|Location||2001 International Drive, Tysons, Virginia, United States|
|Opening date||October 6, 1988|
|Developer||Lerner Enterprises and Homart Development Company|
|Owner||Brookfield Properties Retail Group|
|No. of stores and services||120+|
|No. of anchor tenants||2 (Neiman Marcus and Saks Fifth Avenue)|
|Total retail floor area||800,000 sq ft (74,000 m2)|
|No. of floors||3|
|Public transit access|| Washington Metro: |
at Tysons Corner
Metrobus: 23A, 23T, 28A
Fairfax Connector bus: 401, 402, 423, 462, 463, 721
Tysons Galleria is a three-level super-regional mall owned by Brookfield Properties Retail Group located at 2001 International Drive in Tysons, Virginia. It is the second-largest mall in Tysons, and one of the largest in the Washington metropolitan area.
Tysons Galleria was the third major project of the Gudelsky-Lerner partnership. The property was purchased from The Rouse Company which lost a bitter zoning dispute over the site in 1963. In 1981, Lerner bought out the partnership for $21 million, before embarking on a $550 million expansion. It was constructed across Virginia State Route 123 from the existing Tysons Corner Center, which was then undergoing a $160 million expansion.
Anchor store Macy's opened first, on September 1, 1988. The rest of the mall opened a month later, on October 6, 1988 as the Galleria at Tysons II, adding high-end anchor department stores Neiman Marcus and Saks Fifth Avenue. The mall is a part of the $500 million ($1 billion in 2014 dollars) office development The Corporate Office Centre at Tysons II, leading regional residents to refer to Tysons Galleria as "Tysons II", and the older Tysons Corner Center retroactively as "Tysons I". In the early 1990s, the shopping center had annual sales of $262 per square foot, below the market average for malls in the Washington metropolitan area during this time period.
The Galleria was renovated to appear more like a "European streetscape" and expanded in 1997 by Homart Development Company, who had its name changed to Tysons Galleria. Its interior was lightly remodeled to appear less like a "space walk".
The mall eventually attracted the high-end tenants that it had hoped for. National Geographic stated in its December 2002 issue that "Tysons Galleria is the Rodeo Drive of the East Coast." The Washington Post describes it as a "bright and elegant Fifth Avenue-like mall". Tysons Galleria was rated one of the top 15 sales-producing shopping centers in terms of dollars per square foot by WWD in 2003.
Layout and tenants
Tysons Galleria features valet parking and concierge services, including having large purchases delivered and organized into customers' closets. The mall has given consistently big-spending customers reserved parking spaces. The Galleria also has foreign currency exchanges, day spas, security escorts, and taxi services. An adjacent Ritz-Carlton hotel is accessible from inside the mall. The hotel attracts wealthy visitors from Europe, the Middle East, and the Far East, who in turn help fuel sales of the mall's high-end goods.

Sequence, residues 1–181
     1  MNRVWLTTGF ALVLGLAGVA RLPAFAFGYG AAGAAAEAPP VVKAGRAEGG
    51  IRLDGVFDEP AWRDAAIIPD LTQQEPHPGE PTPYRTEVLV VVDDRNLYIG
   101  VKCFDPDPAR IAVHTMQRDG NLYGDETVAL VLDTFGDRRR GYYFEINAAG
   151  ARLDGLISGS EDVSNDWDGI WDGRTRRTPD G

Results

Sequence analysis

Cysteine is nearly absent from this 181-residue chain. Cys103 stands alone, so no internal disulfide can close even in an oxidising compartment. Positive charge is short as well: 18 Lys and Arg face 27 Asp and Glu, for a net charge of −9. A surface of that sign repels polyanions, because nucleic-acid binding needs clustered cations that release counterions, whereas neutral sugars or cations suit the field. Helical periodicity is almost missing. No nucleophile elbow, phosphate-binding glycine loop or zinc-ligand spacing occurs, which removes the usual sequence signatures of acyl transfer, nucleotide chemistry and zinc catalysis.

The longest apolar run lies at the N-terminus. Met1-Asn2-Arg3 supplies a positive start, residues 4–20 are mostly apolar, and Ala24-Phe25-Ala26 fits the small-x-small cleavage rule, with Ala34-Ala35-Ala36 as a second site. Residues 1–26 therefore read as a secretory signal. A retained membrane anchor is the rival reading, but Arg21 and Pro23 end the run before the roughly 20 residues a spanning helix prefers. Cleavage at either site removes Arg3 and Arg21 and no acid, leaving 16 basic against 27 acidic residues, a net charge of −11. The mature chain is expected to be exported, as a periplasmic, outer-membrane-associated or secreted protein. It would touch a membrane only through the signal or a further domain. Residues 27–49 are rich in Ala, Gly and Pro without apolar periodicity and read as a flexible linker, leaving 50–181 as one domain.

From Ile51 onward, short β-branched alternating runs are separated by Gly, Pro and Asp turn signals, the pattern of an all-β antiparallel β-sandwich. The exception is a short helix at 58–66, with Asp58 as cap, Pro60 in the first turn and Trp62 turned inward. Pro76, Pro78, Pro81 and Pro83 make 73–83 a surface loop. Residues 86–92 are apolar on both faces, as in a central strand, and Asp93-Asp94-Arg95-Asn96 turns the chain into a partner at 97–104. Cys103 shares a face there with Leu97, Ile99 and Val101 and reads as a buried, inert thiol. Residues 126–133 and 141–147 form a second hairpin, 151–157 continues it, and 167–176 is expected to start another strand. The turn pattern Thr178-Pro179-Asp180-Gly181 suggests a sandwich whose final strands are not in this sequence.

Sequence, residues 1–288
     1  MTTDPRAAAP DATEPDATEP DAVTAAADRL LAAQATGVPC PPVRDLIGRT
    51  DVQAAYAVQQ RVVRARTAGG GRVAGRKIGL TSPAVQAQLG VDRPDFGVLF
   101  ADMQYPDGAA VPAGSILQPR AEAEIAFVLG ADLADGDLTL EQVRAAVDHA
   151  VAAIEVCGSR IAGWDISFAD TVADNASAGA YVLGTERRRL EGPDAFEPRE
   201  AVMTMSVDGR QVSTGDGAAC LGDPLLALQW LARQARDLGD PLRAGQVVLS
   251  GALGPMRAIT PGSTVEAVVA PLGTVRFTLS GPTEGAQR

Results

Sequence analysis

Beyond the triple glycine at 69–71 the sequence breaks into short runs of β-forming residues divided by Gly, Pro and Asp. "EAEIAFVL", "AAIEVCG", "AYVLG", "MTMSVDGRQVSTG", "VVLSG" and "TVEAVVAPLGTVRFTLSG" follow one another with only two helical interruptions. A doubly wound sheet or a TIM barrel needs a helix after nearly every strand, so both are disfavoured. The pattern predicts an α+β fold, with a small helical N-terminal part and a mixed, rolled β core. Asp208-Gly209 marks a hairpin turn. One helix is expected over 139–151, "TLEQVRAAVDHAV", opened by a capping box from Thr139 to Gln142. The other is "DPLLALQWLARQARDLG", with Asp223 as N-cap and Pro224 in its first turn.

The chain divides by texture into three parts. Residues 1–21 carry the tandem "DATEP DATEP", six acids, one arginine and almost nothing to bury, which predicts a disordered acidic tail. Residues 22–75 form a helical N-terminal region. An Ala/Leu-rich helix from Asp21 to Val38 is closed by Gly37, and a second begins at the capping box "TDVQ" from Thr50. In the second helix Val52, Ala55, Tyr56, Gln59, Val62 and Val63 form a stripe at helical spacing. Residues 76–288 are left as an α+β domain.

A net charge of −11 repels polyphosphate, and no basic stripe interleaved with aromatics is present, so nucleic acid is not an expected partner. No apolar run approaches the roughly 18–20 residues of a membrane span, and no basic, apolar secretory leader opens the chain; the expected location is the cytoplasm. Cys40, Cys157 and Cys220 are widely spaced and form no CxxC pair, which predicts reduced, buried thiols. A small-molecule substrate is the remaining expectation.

Several designers, including Bottega Veneta, Chanel, David Yurman, De Beers, Elie Tahari, Salvatore Ferragamo, Tory Burch, and Versace, have their only statewide and Baltimore-Washington area boutiques in Tysons Galleria. Similarly, some high-end watch makers, including Breguet and Girard-Perregaux, have their only regional point of sale in Tysons Galleria.
In early 2018, famed chef[dubious ] Mike Isabella opened Isabella Eatery, a food hall with nine mini restaurants on the third floor that replaced the aging food court. By August, it was downsized to a dining-hall combined menu. The entire endeavor was abruptly closed on August 24 due to the fallout of sexual-harassment scandals that caused Isabella's personal bankruptcy and bounced paychecks.[better source needed][discuss] It reopened several months later as Urban Space, with expansive open seating areas and some new restaurants redeveloped from the failed nine original Isabella kitchens.
- "H. Max Ammerman Dies; Development Suburban Malls". The Washington Post. 1 November 1988.
- "Wheaton Plaza Partners Sue Developer Theodore Lerner: Wheaton Plaza Shopping Mall Partners Sue Developer Theodore Lerner for $30 Million". The Washington Post. 7 June 1995.
- Richardson, Lynda (1988-09-02). "Macy'S And A Cast Of Hundreds". The Washington Post. Retrieved 2020-03-05.
- Margaret Webb Pressler (May 15, 1995). "The Galleria: Upscale and Onward". The Washington Post.
- Downey, K. (1988) "Tysons Center Gathers Reinforcements for Battle With Galleria" The Washington Post
- Pressler, M. (1996) "Renovation at Tysons Galleria Slows as Owners Assess Options" The Washington Post
- "Tysons Galleria" (PDF). Archived from the original (PDF) on March 20, 2009. Retrieved Mar 5, 2020.
- "Tysons Galleria in McLean, VA". Washingtonpost.com. Retrieved 2020-03-05.
- Hanbury, Mary (January 10, 2019). "Macy's is closing eight stores early this year - here's the full list". Business Insider. Retrieved January 29, 2019.
- Sidman, Jessica; Spiegel, Anna (Aug 24, 2018). "Mike Isabella Is Closing His Mega Tysons Corner Food Hall Today". Retrieved Mar 5, 2020.
- Katie Wilmeth (September 6, 2006). "Tysons doubles up on Macy's". Washington Examiner. Retrieved April 20, 2011.
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